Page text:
Djerdap Gorge (Iron Gates)
The geomorphological axis of the whole Djerdap area is the Djerdap gorge, formed along the Danube through the Southern Carpathians, between the Pannonian plain on the west and the Dacian plain on the east. With a length of over 100 km, this is the longest through gorge in Europe. The southern side belongs to Serbia, and the northern side to Romania. The gorge stretches from the rock Babakai, which protrudes from the Danube opposite to the Golubac medieval fortress, to the village Gura Văii in Romania. It actually consists of four gorge sectors and three basin-like wider parts, in this order: Gornja Klisura (Upper Gorge, Golubac Gorge), Ljupkovska Kotlina (Liubcova basin), Gospodjin Vir Gorge, Donjomilanovačka Kotlina (Donji Milanovac basin), Kazan Gorge, Oršavska Kotlina (Orşova basin), and Sipska Klisura (Sip Gorge). The name Djerdap was formerly related only to Sipska Klisura, but later on started to be used for the whole gorge. In the diverse geological composition, the rocks that dominate are schists, limestones and sandstones.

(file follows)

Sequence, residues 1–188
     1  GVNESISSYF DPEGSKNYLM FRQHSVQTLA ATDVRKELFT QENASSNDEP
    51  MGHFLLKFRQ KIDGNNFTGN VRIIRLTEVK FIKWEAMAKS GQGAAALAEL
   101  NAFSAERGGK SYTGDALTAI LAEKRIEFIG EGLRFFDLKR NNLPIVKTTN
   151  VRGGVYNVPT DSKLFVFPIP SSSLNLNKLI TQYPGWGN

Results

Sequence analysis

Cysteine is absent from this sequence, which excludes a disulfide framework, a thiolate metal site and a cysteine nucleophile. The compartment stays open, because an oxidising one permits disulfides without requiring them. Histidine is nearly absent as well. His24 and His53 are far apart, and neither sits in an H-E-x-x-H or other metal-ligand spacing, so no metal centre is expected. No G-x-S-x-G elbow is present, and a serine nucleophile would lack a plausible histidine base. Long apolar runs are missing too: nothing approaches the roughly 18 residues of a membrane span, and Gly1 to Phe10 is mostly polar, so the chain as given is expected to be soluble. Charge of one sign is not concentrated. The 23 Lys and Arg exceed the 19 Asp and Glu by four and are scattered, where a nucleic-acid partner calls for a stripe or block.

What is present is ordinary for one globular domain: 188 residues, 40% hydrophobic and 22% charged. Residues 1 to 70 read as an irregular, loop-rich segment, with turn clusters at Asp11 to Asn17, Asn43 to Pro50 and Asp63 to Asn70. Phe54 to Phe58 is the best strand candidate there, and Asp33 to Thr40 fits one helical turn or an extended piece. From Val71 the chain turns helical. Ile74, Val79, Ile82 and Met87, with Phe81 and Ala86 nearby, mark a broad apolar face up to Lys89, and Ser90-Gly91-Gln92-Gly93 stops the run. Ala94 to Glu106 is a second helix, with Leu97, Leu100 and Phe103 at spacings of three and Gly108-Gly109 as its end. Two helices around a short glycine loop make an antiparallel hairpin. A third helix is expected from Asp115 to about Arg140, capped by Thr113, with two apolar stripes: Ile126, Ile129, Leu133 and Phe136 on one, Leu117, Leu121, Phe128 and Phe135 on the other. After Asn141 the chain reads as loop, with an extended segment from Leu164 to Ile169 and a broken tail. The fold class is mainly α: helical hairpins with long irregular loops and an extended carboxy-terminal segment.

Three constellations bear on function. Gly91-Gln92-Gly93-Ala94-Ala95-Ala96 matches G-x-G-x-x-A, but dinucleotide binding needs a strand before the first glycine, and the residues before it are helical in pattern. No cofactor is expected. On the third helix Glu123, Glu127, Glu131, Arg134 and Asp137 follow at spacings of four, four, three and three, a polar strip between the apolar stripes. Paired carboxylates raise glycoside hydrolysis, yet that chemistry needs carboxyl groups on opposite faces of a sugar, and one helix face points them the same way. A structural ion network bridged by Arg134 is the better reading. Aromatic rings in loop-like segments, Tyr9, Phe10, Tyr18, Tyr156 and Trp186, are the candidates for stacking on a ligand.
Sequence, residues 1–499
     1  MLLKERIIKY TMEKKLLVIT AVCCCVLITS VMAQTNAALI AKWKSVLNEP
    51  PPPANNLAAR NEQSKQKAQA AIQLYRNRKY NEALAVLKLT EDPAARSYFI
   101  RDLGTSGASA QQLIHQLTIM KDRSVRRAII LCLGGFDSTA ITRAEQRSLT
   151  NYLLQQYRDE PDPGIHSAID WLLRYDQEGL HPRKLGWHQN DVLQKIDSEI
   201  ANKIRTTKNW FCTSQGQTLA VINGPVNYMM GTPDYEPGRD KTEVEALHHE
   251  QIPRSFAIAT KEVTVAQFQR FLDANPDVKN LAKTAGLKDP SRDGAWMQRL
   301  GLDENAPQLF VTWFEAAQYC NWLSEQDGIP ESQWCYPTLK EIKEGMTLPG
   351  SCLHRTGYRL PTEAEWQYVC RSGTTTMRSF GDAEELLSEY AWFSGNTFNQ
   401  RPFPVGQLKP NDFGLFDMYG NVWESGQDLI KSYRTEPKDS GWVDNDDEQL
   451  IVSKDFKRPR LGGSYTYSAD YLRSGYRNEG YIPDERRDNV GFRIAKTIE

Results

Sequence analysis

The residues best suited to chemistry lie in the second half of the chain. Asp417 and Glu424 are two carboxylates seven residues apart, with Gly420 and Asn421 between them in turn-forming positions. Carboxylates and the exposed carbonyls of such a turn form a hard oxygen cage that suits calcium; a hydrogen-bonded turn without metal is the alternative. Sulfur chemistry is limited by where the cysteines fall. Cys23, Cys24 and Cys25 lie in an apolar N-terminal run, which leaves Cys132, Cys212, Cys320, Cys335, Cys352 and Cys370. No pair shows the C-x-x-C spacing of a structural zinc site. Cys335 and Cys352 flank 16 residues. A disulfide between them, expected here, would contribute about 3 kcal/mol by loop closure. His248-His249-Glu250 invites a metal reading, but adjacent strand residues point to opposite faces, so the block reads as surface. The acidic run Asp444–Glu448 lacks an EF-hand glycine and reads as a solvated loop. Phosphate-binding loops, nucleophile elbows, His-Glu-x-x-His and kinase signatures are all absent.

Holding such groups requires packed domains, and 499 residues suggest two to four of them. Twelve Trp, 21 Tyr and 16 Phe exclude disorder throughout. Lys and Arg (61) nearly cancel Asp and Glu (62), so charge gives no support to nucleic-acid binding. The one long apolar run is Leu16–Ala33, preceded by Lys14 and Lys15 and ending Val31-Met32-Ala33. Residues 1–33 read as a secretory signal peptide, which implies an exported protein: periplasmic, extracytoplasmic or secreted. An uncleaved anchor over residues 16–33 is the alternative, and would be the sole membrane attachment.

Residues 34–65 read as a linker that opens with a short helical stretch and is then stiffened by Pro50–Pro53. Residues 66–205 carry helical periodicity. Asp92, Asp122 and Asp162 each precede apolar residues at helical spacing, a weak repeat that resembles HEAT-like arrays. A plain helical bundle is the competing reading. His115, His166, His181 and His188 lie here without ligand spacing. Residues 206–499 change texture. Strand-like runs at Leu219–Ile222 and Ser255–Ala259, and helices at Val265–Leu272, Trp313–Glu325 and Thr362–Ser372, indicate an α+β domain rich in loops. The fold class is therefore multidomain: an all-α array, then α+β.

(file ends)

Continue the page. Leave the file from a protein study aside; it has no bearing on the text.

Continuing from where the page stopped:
Erosional forms dominate in the fluvial relief, – river valleys (with river terraces or without them), while aggradational (accumulation) forms are present in a lesser extent – in the drainage areas of the direct tributaries of the Danube, due to slowing of water after the construction of the artificial lake. Geographer Jovan Cvijić detected a series of river terraces in the relief of Djerdap, which witness the phases of the Danube incision. Most of the terraces are visible only in segments, but in a systematic overview, their hypsometric positions show the sequence of incision. The highest terrace (at 430 m a.s.l, or 370 m above the original Danube level) is called the Kalfa terrace. The next one, at 260 m above the Danube, is the Kazan terrace. According to Cvijić, these two terraces are of Pontian age (Lower Pliocene). Further incision formed the terraces at 210 m, 150-160 m, and 90-115 m above the Danube level, which are related to the Upper Pliocene. Quaternary age is attributed to three lowest terraces, at relative heights 60-63 m, 27-30 m, and 10 m (Cvijić, 1921).